Each semester, we have the honor of profiling some of the incredible professional artists involved in the TDM production. Our next artist spotlight this fall shines on Dominique Fawn Hill! Dominique is working as the Costume Designer on the fall TDM production, and the grass grows. Check out more of Dominique's work at www.dominiquefhill.com.
What inspires you as an artist and creative?
It’s the everyday nuances of humans. How they put their jacket on. Why they put their jacket on. The story that they’re trying to tell, the story they’re trying to hide, the story that they’re trying to evoke - all of those minute details allow my brain to process this narrative for them even if there is no script.
But if there is a script, it’s a pretty magical experience of going beyond what’s written on the page and saying “Before the day got started, what were they thinking about? What family heirloom is precious to them? What are their pet peeves? What are some of their aspirations?”
It allows me to create this digital index for their journey and the arc of their character.
What inspires me is the actual people. They inform you of all you need to know. They are the original canvases for the story and I just build off of there.
What excites you about this original TDM production?
I would have to say the team, the resources, and the mission.
I worked with Mei Ann and Troy in New York on a show called The Dark Girl Chronicles: Chronicle X at the Shed. It was the most bizarre creative experience that I’ve ever encountered, because it was birthed out of instinct. A lot of times, when you get a production you get it months in advance and you have time to prep. This one was a living document, and it was always changing in real time. So I had to just go off of my own ideas and say “okay, this is the right decision, I’m making it, and this is how it’s going to be.” It was a pretty magical experience.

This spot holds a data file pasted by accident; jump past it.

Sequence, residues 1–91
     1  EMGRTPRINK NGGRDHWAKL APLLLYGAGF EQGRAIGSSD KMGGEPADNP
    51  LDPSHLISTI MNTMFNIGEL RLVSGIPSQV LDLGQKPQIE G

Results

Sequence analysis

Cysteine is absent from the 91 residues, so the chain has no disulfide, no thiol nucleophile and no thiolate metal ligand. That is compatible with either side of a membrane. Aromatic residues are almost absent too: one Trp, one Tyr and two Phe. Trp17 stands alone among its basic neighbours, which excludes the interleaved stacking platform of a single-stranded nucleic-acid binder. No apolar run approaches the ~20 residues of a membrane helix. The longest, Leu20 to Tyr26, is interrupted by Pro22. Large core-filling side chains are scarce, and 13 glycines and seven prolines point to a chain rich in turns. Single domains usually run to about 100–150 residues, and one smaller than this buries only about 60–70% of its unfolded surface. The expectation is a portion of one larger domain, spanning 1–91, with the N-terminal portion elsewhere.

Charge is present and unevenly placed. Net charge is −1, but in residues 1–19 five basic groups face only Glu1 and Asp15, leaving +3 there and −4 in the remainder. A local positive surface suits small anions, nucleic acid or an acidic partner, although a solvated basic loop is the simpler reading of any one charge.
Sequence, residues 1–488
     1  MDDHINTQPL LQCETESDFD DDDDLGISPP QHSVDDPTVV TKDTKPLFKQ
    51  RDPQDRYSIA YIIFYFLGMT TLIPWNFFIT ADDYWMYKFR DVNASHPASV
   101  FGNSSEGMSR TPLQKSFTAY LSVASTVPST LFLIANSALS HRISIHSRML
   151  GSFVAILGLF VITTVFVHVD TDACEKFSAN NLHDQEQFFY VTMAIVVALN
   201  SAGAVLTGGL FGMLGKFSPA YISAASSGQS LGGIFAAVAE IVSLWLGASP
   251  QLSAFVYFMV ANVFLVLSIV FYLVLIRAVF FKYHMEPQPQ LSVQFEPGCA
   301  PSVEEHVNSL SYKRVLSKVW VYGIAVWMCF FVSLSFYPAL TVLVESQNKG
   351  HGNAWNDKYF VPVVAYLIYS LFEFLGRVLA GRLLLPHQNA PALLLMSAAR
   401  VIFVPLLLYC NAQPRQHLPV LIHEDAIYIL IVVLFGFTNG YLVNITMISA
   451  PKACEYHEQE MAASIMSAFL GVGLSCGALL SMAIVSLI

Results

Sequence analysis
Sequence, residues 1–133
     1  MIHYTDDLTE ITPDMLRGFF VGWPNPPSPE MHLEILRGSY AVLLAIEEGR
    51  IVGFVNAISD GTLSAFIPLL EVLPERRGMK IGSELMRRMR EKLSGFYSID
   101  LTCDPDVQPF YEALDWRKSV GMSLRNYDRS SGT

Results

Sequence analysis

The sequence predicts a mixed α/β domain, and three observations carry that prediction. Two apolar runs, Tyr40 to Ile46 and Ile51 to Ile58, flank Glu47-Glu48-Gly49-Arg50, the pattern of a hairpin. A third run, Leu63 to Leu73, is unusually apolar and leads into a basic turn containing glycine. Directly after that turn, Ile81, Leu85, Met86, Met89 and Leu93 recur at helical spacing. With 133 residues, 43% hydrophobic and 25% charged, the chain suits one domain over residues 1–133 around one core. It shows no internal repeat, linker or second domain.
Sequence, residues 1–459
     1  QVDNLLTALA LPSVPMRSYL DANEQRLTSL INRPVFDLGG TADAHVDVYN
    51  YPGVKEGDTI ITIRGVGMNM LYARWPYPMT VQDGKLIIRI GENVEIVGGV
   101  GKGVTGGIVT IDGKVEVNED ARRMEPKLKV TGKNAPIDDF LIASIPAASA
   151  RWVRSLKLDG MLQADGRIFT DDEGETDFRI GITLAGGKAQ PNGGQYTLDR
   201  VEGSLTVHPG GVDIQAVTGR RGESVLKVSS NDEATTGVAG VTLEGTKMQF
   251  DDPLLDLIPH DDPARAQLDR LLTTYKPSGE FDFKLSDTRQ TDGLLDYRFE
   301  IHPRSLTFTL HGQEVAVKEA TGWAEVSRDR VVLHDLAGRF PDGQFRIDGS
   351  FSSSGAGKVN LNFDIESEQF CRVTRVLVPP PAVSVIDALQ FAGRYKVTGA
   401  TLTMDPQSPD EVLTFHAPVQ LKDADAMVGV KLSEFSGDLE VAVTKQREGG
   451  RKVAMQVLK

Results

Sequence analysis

So what attracted me first to this production was the team - what they were doing, and how Harvard was supporting them in this endeavor by allowing them to have this creative space and support so they’re not always worrying about the practicalities. It reminded me of when I was in graduate school, and how I was supported. I had that time as a creative oasis to just focus on the creation and not anything else.
What has it been like collaborating with the students on this project?
It’s been a pretty lovely experience working with the students. A lot of times as a designer you’re in the background doing the work. You see it on stage or you see it on film and that’s it. But in this process, because it’s so immersive with the integration of body, I was able to participate in some of the rehearsals, which is a new thing for me.
It was the students, along with Mei Ann and Troy, who welcomed me with open arms. I’m not a performer at all, but it was okay because we were creating a thing together. Having that safe space was a very beautiful experience.
When we were having fittings, getting their feedback and having them follow my train of thought, which can be pretty non-linear stream-of-consciousness, was also really endearing. We found a common language amongst each other. I grew from it, and they had a better understanding of where I was going with their character.
What projects are you working on next?
I am working currently on a play called An Untitled Play by Justin Timberlake at City Theatre. After that, I will be working in New York at Playwrights Horizons on a show called Tambo & Bones. After that, a show called White Noise by Susan Lori Parks at Studio Theatre in DC. And then it’ll be Rent at Portland Center Stage and Fat Hand at the Public.